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The following is a homework problem:

Let: $$A = \left[\matrix{4& 2& -5 &1\\ -8& 0& 9& 7\\ -32& -4& 43& 18\\ 24 &4 &-22 &-8\\} \right]$$

$$b = \left[\matrix{-1 \\ -1 \\ 3 \\ 14}\right]$$

Solve $A\cdot x = b$ by Naïve Gaussian elimination. Note the relationship between the subtractive row multipliers and the elements of the L matrix. How is the U matrix related to the reduced terms in the augmented matrix before back-substitution?

I have solved the problem and found $L$ and $U$ by Naïve Gaussian elimination.

$$U = \left[\matrix{4& 2& -5& 1\\ 0 &4 &-1& 9\\ 0& 0 &6 &-1\\ 0& 0& 0& 5\\}\right]$$ $$L = \left[\matrix{1& 0& 0& 0\\ -2& 0& 0& 0\\ -8& 3& 1& 0\\ 6& -2& -6 &1 \\ }\right]$$

However, what I seem to be having trouble with is the second part of the question ('How is the $U$ matrix related to the reduced terms in the augmented matrix before back-substitution?')

I understand that $U$ is the first 4 columns of the augmented $Ax$ matrix after row reduction, but what would be a proper answer to this question?

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  • $\begingroup$ Those are not the usual $L$ and $U$, because $LU\ne A$. $\endgroup$
    – egreg
    Commented Feb 7, 2014 at 23:01
  • $\begingroup$ They actually are. Someone edited the question and messed up the values. The actual A matrix is [4 2 -5 1; -8 0 9 7; -32 -4 43 18; 24 4 -22 -8] $\endgroup$ Commented Feb 7, 2014 at 23:58
  • $\begingroup$ In the edit history there's no trace of the matrix you're saying. It has been like that since the beginning. Please, fix it in the question, not in comments. $\endgroup$
    – egreg
    Commented Feb 8, 2014 at 0:41
  • $\begingroup$ I probably copied and pasted the wrong one in the first place. anyway, fixed now $\endgroup$ Commented Feb 8, 2014 at 0:44

1 Answer 1

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The matrix $A$ is lower triangular and invertible, because all coefficients on the diagonal are nonzero. So when you do the $LU$ decomposition, you have $L=A$ and $U$ is the identity matrix.

If you properly do Gaussian elimination, the first step (eliminating under the first pivot) will give the matrix $$ \begin{bmatrix} 1 & 0 & 0 & 0\\ 0 & 1 & 0 & 0\\ 0 & 3 & 1 & 0\\ 0 &-2 & 1 & 1 \end{bmatrix} $$ and so on for the other columns.


Since the original matrix has been changed, here's what can be said; after elimination according to the Gauss-Doolittle method (no reduction of pivots), we find, for the augmented matrix, the reduced form $$ [U\mid c]=\left[\begin{array}{cccc|c} 4 & 2 & -5 & 1 & -1 \\ 0 & 4 & -1 & 9 & -3 \\ 0 & 0 & 6 & -1 & 4 \\ 0 & 0 & 0 & 5 & 10 \end{array}\right] $$ and the matrix $L$ such that $L[\,U\mid c\,]=[\,A\mid b\,]$ is $$ L=\begin{bmatrix} 1 & 0 & 0 & 0 \\ -2 & 1 & 0 & 0 \\ -6 & -3 & 1 & 0 \\ 8 & 2 & -1 & 1 \end{bmatrix}. $$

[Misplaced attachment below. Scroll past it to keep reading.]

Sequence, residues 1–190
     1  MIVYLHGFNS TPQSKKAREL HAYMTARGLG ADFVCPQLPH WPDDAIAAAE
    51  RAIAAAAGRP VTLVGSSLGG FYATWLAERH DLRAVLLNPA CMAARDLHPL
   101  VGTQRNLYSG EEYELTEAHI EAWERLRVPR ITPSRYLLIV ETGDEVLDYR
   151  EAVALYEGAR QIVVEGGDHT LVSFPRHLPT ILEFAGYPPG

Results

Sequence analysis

The question ‘How is the $U$ matrix related to the reduced terms in the augmented matrix before back-substitution?’ is not really clear. What I can say is that the system $$ Ux=c, $$ where $c$ denotes the last column in the reduced augmented matrix, is equivalent to the original linear system $Ax=b$. In particular, the form of $U$ tells you that the system has a unique solution. The fact that $L[\,U\mid c\,]=[\,A\mid b\,]$ implies that $Lc=b$, so $c=L^{-1}b$.

What can be done now is to multiply the last row by $1/5$ and do “backwards elimination”, reducing the pivots: we find $$\left[\begin{array}{cccc|c} 1 & 0 & 0 & 0 & 12 \\ 0 & 1 & 0 & 0 & -5 \\ 0 & 0 & 1 & 0 & 1 \\ 0 & 0 & 0 & 1 & 2 \end{array}\right] $$ which shows the unique solution.

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  • $\begingroup$ Someone edited the question and messed up the elements of matrix A. the actual matrix is [4 2 -5 1; -8 0 9 7; -32 -4 43 18; 24 4 -22 -8]. What happens in this case? $\endgroup$ Commented Feb 7, 2014 at 23:57
  • $\begingroup$ @RyanHannaAL-Kass Please, edit it and make it correct. $\endgroup$
    – egreg
    Commented Feb 7, 2014 at 23:59
  • $\begingroup$ Done. What happens now? $\endgroup$ Commented Feb 8, 2014 at 0:46
  • $\begingroup$ @RyanHannaAL-Kass I'll have a look tomorrow morning. Here's almost 2am. $\endgroup$
    – egreg
    Commented Feb 8, 2014 at 0:50

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